The Exchange Rate Volatility During Political Protests: Event Study and the Case of Belarus

  •  Kiryl Rudy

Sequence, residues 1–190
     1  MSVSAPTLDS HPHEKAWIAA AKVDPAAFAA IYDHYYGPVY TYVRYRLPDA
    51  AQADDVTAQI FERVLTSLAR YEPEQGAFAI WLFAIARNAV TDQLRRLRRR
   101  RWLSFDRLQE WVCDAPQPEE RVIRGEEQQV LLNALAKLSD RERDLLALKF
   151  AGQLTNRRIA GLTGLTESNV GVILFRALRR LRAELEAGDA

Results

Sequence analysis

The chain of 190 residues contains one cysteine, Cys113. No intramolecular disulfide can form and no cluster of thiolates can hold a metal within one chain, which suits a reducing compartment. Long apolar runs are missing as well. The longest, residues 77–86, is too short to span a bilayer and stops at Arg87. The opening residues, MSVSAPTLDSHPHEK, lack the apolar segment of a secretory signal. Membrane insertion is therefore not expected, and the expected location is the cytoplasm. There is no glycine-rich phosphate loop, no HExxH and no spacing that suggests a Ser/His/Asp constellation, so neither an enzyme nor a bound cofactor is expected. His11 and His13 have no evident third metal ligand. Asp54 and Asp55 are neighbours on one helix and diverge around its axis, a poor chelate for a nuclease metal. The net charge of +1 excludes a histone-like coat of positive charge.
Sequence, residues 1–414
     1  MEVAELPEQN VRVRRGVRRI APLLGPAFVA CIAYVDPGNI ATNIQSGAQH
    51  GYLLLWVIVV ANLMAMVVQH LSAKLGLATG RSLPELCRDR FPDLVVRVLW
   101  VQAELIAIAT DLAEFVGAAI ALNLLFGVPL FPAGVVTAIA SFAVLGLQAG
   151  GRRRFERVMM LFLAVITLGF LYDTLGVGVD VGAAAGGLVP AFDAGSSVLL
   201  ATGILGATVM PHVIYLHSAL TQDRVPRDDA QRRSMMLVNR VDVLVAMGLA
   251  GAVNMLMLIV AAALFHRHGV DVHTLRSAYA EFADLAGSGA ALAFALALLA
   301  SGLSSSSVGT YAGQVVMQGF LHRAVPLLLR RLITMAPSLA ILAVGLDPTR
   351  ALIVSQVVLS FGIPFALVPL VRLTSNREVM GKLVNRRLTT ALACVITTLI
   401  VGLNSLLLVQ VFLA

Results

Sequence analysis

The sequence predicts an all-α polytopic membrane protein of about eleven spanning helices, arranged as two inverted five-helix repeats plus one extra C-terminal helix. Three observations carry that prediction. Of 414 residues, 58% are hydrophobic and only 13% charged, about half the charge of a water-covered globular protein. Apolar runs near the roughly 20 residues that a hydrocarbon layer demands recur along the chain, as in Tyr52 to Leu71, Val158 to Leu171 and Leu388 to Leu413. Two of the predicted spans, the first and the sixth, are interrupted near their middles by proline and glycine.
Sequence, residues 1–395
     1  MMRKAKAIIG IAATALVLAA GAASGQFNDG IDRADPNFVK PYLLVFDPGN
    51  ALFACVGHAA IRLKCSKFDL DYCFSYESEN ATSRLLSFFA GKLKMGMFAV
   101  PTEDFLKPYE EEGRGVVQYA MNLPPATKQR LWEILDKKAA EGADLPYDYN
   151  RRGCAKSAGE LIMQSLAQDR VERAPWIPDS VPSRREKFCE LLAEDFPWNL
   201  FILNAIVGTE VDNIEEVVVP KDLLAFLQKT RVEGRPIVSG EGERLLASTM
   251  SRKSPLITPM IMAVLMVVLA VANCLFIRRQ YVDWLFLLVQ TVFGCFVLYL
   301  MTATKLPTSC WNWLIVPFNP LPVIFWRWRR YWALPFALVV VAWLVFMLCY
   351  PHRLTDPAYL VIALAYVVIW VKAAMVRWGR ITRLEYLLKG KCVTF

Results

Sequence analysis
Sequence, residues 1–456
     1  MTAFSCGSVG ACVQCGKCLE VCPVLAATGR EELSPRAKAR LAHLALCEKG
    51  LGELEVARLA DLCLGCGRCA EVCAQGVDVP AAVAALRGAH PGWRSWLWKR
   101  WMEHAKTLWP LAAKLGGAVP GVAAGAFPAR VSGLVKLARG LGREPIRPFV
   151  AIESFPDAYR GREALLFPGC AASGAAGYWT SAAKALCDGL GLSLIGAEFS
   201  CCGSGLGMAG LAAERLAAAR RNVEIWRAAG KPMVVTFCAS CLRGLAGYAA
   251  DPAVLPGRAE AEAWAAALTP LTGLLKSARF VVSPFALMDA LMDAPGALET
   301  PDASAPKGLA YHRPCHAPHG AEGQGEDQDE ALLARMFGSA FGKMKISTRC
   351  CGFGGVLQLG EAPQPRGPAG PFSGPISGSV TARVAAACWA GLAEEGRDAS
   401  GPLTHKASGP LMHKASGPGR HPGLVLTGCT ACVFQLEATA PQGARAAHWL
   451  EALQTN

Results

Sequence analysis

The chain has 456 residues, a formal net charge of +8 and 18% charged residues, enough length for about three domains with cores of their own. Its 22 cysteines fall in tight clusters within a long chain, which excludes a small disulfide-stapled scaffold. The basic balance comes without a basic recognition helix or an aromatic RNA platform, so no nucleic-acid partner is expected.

The exchange rate reacts on political protests. Market agents affected by unrest increase exchange rate volatility. This may be converted into currency devaluation if monetary authorities decide to join protesters rather than supporting the exchange rate. Based on the event study methodology, three hypotheses were tested on 1,220 event windows of 77 political protests, in 54 economies, in 2017-2022, on three points: (1) the types of political protests with the highest abnormal exchange rate volatility and currency returns; (2) the influence of protests on daily currency devaluation; (3) the effects of unrest on intraday exchange rate volatility. The findings show that the highest exchange rate volatility was in the groups of events with short duration, with a small number of participants, which were non-violent, motivated by electoral fraud, without outcomes, and in partly free countries. The highest currency devaluation was in the groups of unrest with the greatest number of protesters, lasting more than a month, and in free countries. Only rare cases prove a high statistically significant influence of protests on exchange rate volatility and currency devaluation. As the case-by-case approach is preferable, the case of Belarus, and the country’s 14 largest political protests in 2020, was studied. This showed that four-month street unrests affected the abnormal intraday volatility of USD/BYN. After two weeks of protests, market volatility would have led to devaluation, if the National Bank hadn’t intervened, and in two months of unrest, exchange rate volatility started falling.

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